What a wonderful start: a fragmented melody like a hovering leaf blown up and down by the wind. Never has tenderness been composed more movingly. And what a magnificant ending of the same movement: extreme tenderness is matched by extreme drama which grows and grows to gigantic expression. Brahms is not restrained anymore in his last symphony.
After the fun and vitality of the third movement the final passacaglia is much more than a sequence of variations. We experience a huge range of dark emotions: from the lonely lamentation of the flute to the defiant, tragic ending. There is no room for the usual jubilation or the usual modulation to a major key. Brahms finishes his symphonic work with prophetic foreboding heralding Spengler’s Der Untergang des Abendlandes (The Decline of the West).
‘When we played the Hungarian Dance no. 3 by Brahms I realised that I usually play this music, or its direct source, as the repertoire of a particular region of Transylvania known as Szék/Sic* csárdás. Szék/Sic is a Hungarian village in Transylvania; the csárdás, typical of this region, is played in the middle of a lengthy dancing scheme or suite lasting up to 40-50 minutes, besides various other csárdás melodies. Even today the people of Szék/Sic enjoy listening to this music during holidays and weekend gatherings; it consists mainly of folk songs, and the villagers like to sing along to them.’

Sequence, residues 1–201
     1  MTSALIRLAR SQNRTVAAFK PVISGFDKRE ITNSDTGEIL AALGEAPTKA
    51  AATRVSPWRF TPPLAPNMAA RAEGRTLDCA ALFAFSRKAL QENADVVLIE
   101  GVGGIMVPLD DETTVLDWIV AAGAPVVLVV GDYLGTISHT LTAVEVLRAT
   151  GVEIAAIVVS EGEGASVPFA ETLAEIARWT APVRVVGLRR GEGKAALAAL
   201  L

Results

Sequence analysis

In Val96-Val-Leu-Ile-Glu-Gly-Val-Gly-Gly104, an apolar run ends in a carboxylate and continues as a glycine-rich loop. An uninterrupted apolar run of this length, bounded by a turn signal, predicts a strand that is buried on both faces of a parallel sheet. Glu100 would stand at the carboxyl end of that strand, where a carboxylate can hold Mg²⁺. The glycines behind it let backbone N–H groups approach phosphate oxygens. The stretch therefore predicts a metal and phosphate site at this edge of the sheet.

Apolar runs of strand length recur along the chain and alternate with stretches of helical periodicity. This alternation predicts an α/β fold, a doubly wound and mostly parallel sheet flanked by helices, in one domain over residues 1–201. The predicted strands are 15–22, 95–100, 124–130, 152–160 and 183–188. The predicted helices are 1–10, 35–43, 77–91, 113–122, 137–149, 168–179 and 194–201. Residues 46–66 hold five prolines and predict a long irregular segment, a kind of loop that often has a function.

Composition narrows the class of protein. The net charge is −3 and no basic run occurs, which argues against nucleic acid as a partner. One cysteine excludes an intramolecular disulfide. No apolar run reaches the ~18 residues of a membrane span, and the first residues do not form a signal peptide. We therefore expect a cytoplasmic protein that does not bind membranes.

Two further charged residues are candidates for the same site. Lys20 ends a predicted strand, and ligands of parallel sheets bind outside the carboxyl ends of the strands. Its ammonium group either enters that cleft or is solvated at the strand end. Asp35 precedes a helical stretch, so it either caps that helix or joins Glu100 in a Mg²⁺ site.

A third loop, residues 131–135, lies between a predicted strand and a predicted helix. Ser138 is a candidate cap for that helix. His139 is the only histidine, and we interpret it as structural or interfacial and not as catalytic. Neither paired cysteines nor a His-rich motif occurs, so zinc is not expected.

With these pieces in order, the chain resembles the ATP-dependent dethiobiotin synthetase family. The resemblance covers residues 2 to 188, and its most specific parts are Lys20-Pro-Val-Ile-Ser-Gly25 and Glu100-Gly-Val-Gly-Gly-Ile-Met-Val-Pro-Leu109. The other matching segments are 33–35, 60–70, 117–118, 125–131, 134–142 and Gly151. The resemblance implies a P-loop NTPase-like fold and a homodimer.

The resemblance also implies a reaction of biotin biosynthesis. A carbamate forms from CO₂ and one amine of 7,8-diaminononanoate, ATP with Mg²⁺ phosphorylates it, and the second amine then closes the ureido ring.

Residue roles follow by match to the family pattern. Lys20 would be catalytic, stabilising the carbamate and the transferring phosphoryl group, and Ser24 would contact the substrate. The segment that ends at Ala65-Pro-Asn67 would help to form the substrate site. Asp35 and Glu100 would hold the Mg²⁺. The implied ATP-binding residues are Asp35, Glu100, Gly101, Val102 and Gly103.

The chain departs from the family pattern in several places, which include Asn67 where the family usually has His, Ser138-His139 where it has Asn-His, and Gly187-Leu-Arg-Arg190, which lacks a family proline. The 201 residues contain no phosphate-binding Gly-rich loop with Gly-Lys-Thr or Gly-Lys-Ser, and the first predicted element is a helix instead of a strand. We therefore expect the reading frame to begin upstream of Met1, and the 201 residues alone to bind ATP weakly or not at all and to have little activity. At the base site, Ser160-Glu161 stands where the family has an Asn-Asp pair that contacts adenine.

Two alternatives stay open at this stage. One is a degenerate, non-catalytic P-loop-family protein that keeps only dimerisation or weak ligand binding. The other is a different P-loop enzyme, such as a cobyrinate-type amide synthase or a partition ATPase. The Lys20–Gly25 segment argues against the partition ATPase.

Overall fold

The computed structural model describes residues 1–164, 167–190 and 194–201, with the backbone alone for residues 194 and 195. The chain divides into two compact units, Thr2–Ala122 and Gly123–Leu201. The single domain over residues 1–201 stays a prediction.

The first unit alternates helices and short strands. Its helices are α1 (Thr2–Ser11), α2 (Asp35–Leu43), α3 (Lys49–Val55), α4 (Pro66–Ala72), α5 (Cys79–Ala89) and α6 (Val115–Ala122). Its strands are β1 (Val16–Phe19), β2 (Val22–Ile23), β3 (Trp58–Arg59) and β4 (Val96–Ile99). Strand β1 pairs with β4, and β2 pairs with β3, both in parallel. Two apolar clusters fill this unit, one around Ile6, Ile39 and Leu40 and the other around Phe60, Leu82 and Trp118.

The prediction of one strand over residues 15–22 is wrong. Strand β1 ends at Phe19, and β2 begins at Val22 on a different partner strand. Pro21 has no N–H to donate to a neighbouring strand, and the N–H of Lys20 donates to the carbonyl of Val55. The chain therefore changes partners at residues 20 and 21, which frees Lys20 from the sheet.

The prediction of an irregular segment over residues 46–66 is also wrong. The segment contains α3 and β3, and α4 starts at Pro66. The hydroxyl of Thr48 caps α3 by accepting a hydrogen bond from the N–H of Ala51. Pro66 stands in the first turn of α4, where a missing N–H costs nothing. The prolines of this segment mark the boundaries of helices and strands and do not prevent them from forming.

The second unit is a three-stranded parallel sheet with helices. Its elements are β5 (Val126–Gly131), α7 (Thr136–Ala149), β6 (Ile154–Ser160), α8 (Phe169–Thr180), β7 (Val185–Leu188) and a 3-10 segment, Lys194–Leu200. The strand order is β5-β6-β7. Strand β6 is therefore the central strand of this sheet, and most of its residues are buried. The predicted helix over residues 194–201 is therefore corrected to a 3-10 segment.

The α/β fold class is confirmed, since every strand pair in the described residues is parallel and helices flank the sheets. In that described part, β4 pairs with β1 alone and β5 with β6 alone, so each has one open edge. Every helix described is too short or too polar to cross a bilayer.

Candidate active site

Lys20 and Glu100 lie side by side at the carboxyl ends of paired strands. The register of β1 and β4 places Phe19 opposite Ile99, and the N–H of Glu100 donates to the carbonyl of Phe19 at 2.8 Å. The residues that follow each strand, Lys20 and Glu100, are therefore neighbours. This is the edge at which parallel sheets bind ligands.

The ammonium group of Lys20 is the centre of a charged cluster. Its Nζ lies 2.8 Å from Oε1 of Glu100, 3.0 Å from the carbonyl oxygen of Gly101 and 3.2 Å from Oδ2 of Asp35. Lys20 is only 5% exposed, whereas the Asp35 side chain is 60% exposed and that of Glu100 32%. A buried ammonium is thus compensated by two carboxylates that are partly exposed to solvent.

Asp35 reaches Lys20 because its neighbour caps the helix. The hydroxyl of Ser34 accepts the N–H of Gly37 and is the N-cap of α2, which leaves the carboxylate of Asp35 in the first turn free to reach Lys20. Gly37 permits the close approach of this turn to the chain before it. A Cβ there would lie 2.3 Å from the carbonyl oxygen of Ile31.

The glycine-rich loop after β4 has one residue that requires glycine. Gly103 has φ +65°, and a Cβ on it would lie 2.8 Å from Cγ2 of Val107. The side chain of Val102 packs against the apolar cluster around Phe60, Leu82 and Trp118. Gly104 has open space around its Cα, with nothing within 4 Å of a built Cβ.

István Kádár, violin
*‘Szék’ is the Hungarian and ‘Sic’ is the Rumanian name of the village.